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Course Structure

Modules
Year 1

In the first year, students take a set of core modules and choose optional module(s) from any department, including the Language Centre. By the end of the year students decide either on a Disciplinary Interest or on a Specialist Interest.

Core: Liberal Arts: Principles and Praxis
Core: Art & Revolution
Core: Science, Society and the Media
Core: Qualitative Research Methods
Optional Core: Introduction to Quantitative Methods in Social Science I OR An approved external optional module

Optional: Certificate of Digital Literacy

Core: Your chosen module(s) from disciplinary interest or specialist interest area

Year 2

In the second year, students take two set core modules in Liberal Arts. These constitute half of the workload. The other half is made up by modules from the chosen Disciplinary Interest or Specialist Interest.

Core: Consumption
Core: Sustainability

Required: Presentation at Undergraduate Conference
Optional: Work Placement and Certificate of Professional Communication
Optional: Certificate of Coaching Practice

Core: Your chosen modules from disciplinary interest or specialist interest area

Year 3

In the final year the core Liberal Arts component is a dissertation or a practical project. The rest of your modules will be from your chosen Disciplinary Interest or Specialist Interest.

Core: Dissertation/Final Year Project

Required: Assessment in Public-Facing Forum

Core: Your chosen modules from disciplinary interest or specialist interest area

What opportunities are there to study abroad?

You will have the opportunity to spend an intercalated year at one of our partner institutions: there are reserved spaces for Liberal Arts students with department-specific partners across Europe, and wider opportunities through Warwick's Office for Global Engagement. The Study Abroad Team based in the Office for Global Engagement offers support for these activities.

How will I learn?

The course is constructed around Problem-Based-Learning (PBL). This dynamic student-centred pedagogy allows the course to evolve and adapt to the social, political, scientific and historic environments in which it is delivered. PBL also allows for a continual revising of the course to suit the particular learning needs of students.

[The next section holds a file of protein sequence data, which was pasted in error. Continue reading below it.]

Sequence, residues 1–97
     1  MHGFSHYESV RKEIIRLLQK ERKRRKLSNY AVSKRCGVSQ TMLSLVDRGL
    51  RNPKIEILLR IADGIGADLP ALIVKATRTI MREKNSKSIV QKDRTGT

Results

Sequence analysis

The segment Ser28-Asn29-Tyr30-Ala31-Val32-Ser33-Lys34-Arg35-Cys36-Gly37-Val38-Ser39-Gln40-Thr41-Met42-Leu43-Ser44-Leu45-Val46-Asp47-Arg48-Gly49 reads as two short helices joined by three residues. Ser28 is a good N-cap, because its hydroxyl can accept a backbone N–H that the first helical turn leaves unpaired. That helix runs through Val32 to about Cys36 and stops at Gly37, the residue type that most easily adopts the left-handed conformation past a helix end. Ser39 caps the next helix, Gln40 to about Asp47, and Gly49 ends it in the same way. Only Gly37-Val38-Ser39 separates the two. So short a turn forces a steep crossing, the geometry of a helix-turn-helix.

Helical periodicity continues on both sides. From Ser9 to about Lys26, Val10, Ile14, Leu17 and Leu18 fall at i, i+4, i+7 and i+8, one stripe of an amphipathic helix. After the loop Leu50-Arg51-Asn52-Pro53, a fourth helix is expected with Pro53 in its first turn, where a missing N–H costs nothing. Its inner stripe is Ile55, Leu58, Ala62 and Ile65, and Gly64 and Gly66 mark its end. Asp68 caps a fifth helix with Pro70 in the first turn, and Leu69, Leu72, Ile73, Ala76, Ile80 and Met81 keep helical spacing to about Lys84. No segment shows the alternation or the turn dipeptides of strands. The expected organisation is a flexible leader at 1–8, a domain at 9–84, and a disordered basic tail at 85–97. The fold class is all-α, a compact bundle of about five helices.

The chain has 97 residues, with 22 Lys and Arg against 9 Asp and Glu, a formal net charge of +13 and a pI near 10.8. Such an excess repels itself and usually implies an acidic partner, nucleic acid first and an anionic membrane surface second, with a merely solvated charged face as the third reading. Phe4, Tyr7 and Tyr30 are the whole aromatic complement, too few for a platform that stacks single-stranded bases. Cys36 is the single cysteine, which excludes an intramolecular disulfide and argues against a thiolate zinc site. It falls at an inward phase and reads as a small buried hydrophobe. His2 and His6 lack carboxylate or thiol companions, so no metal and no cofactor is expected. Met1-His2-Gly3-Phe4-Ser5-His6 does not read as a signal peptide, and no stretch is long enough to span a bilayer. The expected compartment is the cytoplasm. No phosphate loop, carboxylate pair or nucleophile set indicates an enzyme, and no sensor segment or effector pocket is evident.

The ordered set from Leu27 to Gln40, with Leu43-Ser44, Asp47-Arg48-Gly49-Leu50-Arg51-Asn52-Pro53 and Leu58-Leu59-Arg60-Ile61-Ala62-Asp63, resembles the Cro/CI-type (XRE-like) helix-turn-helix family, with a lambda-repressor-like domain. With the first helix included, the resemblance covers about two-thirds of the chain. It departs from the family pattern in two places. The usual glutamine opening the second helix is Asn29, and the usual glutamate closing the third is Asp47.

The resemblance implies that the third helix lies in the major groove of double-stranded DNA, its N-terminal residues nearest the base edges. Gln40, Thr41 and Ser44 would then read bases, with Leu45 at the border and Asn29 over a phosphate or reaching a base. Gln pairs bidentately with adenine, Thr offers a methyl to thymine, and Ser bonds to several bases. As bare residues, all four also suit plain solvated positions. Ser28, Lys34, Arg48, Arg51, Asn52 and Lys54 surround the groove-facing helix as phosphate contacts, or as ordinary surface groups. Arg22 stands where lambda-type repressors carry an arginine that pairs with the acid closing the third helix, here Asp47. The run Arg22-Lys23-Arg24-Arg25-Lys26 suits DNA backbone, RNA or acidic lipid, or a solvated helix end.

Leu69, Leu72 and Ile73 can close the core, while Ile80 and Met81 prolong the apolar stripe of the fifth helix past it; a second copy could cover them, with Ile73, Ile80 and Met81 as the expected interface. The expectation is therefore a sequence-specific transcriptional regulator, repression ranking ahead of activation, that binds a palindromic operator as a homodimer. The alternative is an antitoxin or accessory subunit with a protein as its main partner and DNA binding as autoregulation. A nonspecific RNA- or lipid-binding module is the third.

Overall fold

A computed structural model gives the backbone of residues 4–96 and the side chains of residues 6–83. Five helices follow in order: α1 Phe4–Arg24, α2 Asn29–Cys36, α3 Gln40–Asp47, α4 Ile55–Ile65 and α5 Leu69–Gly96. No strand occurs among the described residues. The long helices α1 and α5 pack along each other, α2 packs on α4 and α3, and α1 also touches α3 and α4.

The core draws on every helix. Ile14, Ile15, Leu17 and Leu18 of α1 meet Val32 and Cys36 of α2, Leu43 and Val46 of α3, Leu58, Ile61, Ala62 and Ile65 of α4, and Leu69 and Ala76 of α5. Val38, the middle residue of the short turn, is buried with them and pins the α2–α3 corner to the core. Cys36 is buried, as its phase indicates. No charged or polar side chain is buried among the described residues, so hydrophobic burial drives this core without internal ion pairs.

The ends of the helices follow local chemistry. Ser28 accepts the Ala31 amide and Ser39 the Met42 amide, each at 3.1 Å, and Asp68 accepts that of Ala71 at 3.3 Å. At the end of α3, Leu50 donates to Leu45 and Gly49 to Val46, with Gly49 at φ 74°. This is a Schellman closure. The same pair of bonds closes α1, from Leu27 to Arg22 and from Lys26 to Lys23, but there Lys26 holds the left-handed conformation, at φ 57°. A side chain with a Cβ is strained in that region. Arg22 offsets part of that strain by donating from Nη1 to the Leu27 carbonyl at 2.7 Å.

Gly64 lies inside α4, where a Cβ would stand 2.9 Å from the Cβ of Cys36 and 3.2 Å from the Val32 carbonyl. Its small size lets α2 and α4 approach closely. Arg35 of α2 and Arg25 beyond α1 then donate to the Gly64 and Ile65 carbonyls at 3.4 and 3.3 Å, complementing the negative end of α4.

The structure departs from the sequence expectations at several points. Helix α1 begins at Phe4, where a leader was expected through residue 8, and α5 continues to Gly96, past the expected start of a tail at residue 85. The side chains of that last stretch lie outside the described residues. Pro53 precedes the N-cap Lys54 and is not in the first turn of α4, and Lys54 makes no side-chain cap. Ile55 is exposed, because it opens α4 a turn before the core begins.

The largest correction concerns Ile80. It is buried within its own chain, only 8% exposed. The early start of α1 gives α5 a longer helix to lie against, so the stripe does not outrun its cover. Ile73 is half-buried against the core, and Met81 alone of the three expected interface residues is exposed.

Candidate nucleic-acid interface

This trans-disciplinary approach to learning will include lectures, seminars, workshops and tutorials, in which you will be taught by a range of academics, from different disciplines, who will communicate their expertise on a specific issue and describe their methodology for addressing it. Your role is to bring together these various approaches and to develop your own informed stance on each issue.

You will become aware of how different disciplines coincide and converge and you will learn to address questions by deploying the most appropriate methodology and utilising the most relevant evidence.

How will I be assessed?

We have devised an assessment strategy that allows you to develop your expertise in addressing problems using a variety of perspectives from the Arts, Sciences and Social Sciences. We will teach you to use quantitative and qualitative methods of research, and this will equip you with a solid foundation from which you can approach contemporary problems critically and creatively. Consequently, the range of assessments on this degree combines the traditional (essays, case studies and written examinations) with the innovative (creative projects, portfolios and performance).

For example, in the first year of the degree you take the Art & Revolution module where you review films, analyse graffiti and draft articles for the media conveying your own, unique perspective on the ways in which Artistic movements have pre-empted or reacted to Revolutionary moments.

Conversely, in the module on Science, Society and the Media you focus on analysing data, critiquing case studies, engaging with political and scientific documents as well as undertaking practical activities, as part of the formal assessment. In addition, during the course you produce short critical essays, analyses and written reviews – some of which may be in the form of contributions to online blogs and forums - research papers, reflective journals and portfolios and oral presentations.

You will be expected to present your work in a public forum such as the British Conference for Undergraduate Research or the International Conference of Undergraduate Research. You will contribute to group projects and deliver extended pieces of writing (for the final year dissertation) as well as sit mid and end of year short tests and traditional end of year written examinations.

The methods of assessment across the course as a whole vary according to the optional modules that you choose each year and therefore the route that you follow through the course. For example, if you follow the Life Sciences pathway, you may also undertake laboratory-based assessment.